22
Dec 06

An Advent Triptych of Atheism (I did me some book readin’): intro

Proven By Science8 comments • 751 views

What links these books is their atheistic viewpoint – a sceptical approach to our own beliefs and an awareness of the shortcomings of human psychology and thinking – but coming from three very different perspectives. A very American “ground clearing” (the ground in question being covered in eggshells) debate style coming from a philosopher of mind, a british polemic from a friend of his who once wrote a very good book, and a compendium of stories and tricks written by a minor, though handsome, television personality who was an evangelical christian as a student.

I was not going to read the Dawkins book but a) it was mentioned in the other two books here, and b) there was a cheap “trade paperback/airport only” edition and a relaxing non-fiction read for my holiday between sections of the new Pynchon was in order.

The Dennett and Derren books help throw into relief just why I find Dawkins (now) so unengaging and unrewarding a writer. Where the other two worm their way into your attention through a warmth and humour that complements their positive crusade, Dawkins invidious, tiring and unapologetic rhetorical stance does nothing to enhance or advance the bald correctness of what he is saying. But I’ll devote separate posts to each book, so that can wait.

(ps I’m not loving the Pynchon so much, since you asked. More Vineland than M&D/GR if you ask. Is OK.)

Comments

  1. 1
    Dave Boyle on 22 Dec 2006 #

    Dawkins is a fine example of the assertion that no-one believes in God like and atheist; his organising principle of life is about divinity, as much as any christian fundy.

  2. 2
    Alan on 22 Dec 2006 #

    i’m not sure i get you, but his organising principle of life is clearly not about divinity.

  3. 3
    Jack Fear on 27 Dec 2006 #

    In the same way that the organizing principle in Ahab’s life was the white whale, yeah? Self-defined by his opposition; the concept of God obviously looms large in Dawkins’s life, else he wouldn’t dedicate so much time and invective to refuting it.

    I reckon it’s the same for any professional atheist—for such Dawkins has become. Admittedly, he’s not as naked about it as the evolutionary psychologist Jesse Bering, who matter-of-factly says, “I’ve got my hands around God’s throat, and I’m not going to stop until one of us is dead.”

  4. 4
    Alan on 27 Dec 2006 #

    What he really has a problem with is religion. The existence of god is well below his radar when you understand his position – its a non-issue. So no I still don’t believe the concept of God does loom large in his life. There are plenty of atheists in the world, only a few are in the ideal position to write extensively in its defence, and there’s no good reason to believe that those who so choose are in some sense compensating. Of course having taken on the task he can’t just retire and has to stand up and repeat his arguments (ad nauseum it would seem).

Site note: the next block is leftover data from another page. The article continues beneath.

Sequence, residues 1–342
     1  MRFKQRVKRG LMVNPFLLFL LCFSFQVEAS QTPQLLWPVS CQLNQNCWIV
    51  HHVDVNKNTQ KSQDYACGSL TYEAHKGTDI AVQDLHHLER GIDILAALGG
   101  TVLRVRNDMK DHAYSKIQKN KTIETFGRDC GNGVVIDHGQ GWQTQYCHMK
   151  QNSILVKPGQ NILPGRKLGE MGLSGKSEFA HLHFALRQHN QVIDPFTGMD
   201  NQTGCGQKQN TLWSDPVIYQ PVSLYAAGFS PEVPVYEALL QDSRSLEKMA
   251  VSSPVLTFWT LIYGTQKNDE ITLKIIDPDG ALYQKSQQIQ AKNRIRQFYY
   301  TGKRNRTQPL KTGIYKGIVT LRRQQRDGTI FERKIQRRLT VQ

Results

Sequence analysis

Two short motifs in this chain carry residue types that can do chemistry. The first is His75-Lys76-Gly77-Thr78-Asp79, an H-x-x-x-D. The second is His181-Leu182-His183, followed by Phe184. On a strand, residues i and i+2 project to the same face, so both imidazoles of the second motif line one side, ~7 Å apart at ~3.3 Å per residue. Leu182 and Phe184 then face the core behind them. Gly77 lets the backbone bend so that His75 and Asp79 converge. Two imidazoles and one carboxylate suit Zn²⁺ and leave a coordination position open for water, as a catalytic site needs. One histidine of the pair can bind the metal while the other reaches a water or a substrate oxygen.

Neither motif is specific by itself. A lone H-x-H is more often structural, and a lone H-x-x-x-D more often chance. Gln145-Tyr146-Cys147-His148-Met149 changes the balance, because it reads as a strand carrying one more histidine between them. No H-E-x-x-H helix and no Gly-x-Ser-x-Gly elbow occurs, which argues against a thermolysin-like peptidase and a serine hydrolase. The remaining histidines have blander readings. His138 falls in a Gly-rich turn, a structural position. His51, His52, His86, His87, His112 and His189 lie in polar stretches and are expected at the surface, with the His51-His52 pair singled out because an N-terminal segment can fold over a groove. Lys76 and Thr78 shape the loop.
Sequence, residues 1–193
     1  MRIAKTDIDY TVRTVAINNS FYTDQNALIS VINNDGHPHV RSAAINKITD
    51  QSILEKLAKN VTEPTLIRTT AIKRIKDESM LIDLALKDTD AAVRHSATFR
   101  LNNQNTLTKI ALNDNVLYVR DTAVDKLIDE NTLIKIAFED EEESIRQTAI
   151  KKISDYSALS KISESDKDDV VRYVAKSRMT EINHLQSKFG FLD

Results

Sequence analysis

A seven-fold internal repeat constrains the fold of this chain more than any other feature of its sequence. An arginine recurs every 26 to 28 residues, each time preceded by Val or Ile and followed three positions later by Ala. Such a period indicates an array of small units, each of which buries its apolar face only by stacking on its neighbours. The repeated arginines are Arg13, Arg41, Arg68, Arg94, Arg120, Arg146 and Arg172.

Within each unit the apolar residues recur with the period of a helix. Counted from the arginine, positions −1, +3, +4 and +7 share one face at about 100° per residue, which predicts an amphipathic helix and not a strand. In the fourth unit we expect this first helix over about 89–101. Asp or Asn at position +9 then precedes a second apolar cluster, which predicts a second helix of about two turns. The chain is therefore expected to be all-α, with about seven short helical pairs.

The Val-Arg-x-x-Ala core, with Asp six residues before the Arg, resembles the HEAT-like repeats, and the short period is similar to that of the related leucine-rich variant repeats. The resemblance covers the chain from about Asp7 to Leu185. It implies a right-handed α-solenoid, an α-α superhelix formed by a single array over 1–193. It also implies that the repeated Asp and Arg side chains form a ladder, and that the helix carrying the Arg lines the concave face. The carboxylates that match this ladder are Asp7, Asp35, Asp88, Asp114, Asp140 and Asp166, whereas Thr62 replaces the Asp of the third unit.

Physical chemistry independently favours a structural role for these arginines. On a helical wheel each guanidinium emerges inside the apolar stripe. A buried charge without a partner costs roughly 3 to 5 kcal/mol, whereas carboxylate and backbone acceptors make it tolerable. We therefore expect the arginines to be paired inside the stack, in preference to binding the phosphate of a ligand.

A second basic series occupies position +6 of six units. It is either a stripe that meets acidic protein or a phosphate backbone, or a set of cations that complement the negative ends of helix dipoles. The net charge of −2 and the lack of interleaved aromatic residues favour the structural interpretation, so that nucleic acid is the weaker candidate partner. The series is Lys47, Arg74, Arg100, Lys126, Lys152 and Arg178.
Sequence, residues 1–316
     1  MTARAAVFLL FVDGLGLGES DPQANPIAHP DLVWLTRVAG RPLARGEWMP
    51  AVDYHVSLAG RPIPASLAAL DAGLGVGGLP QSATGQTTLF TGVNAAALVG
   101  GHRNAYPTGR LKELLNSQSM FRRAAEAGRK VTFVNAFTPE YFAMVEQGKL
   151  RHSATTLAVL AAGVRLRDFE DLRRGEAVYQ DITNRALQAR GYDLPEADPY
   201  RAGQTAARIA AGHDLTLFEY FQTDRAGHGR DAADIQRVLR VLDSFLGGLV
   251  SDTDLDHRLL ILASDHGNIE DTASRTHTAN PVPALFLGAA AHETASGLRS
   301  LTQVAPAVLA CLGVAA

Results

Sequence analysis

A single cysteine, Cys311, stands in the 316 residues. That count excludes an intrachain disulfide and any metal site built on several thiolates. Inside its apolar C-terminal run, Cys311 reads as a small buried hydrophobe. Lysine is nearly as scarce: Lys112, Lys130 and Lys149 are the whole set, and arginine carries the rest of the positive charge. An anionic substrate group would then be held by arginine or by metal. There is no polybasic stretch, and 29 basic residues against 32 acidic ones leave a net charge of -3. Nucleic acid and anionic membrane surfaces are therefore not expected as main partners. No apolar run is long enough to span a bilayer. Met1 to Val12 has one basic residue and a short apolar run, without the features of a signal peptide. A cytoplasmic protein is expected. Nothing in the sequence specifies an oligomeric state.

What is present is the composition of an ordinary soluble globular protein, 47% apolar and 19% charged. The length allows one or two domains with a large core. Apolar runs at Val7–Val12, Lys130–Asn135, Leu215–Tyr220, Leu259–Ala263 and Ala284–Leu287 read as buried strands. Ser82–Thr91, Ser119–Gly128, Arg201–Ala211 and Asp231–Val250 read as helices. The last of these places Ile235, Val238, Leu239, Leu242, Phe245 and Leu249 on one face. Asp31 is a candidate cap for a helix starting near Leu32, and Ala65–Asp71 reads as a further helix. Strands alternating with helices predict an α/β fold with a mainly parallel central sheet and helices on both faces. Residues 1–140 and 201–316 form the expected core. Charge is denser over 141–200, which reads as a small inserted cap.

5. 5
    Jack Fear on 28 Dec 2006 #

    …there’s no good reason to believe that those who so choose are in some sense compensating.

    No? Then why take on the task in the first place? Would you have me believe that it’s all to do with his being in the right place at the right time, and not with any deep drive within the man himself? I find that hard to swallow, Alan.

    No one thrust this fight upon Dawkins. He gloved up and came out swinging, and he did it for reasons of his own.

  6. 6
    Pete Baran on 28 Dec 2006 #

    I think Alan’s right though. It is not so much the concept of a Judeo-Christian God that Dawkins rails against, it is the concept of (and moreover the historical and current unscientific thought proccesses bundled up with) organised religion. And it is the orgnaisation which perhaps Dawkins over-compensates for, but I think the point is that like many an academic and self-publicist, he has been given fame for this particular aspect of his writing/personality and his own vanity allows himself to keep running with it. Which is a pity because it does colour his other truly great work on evolutionary biology.

    Altenratively God killed his puppy and he’s bloody well going to make him pay.

  7. 7
    Jack Fear on 28 Dec 2006 #

    Which actually seems to be the case for Jesse Bering, although for “puppy” substitute “mother.”

  8. 8
    Alan on 28 Dec 2006 #

    Why on earth find it so hard to swallow? Does this mean that you think that most intellectual pursuits are driven by a variety of intellectual vendetta – i find that hard to swallow. My own dispositions to write about or think about things are rarely driven that way, and I don’t believe that is the case for most people.

    And in Dawkins case yes he is in the right place because his previous work has led here quite naturally, so it just doesn’t follow that he has been driven by anything other than his philosophical view rather than reaction to an antithesis.

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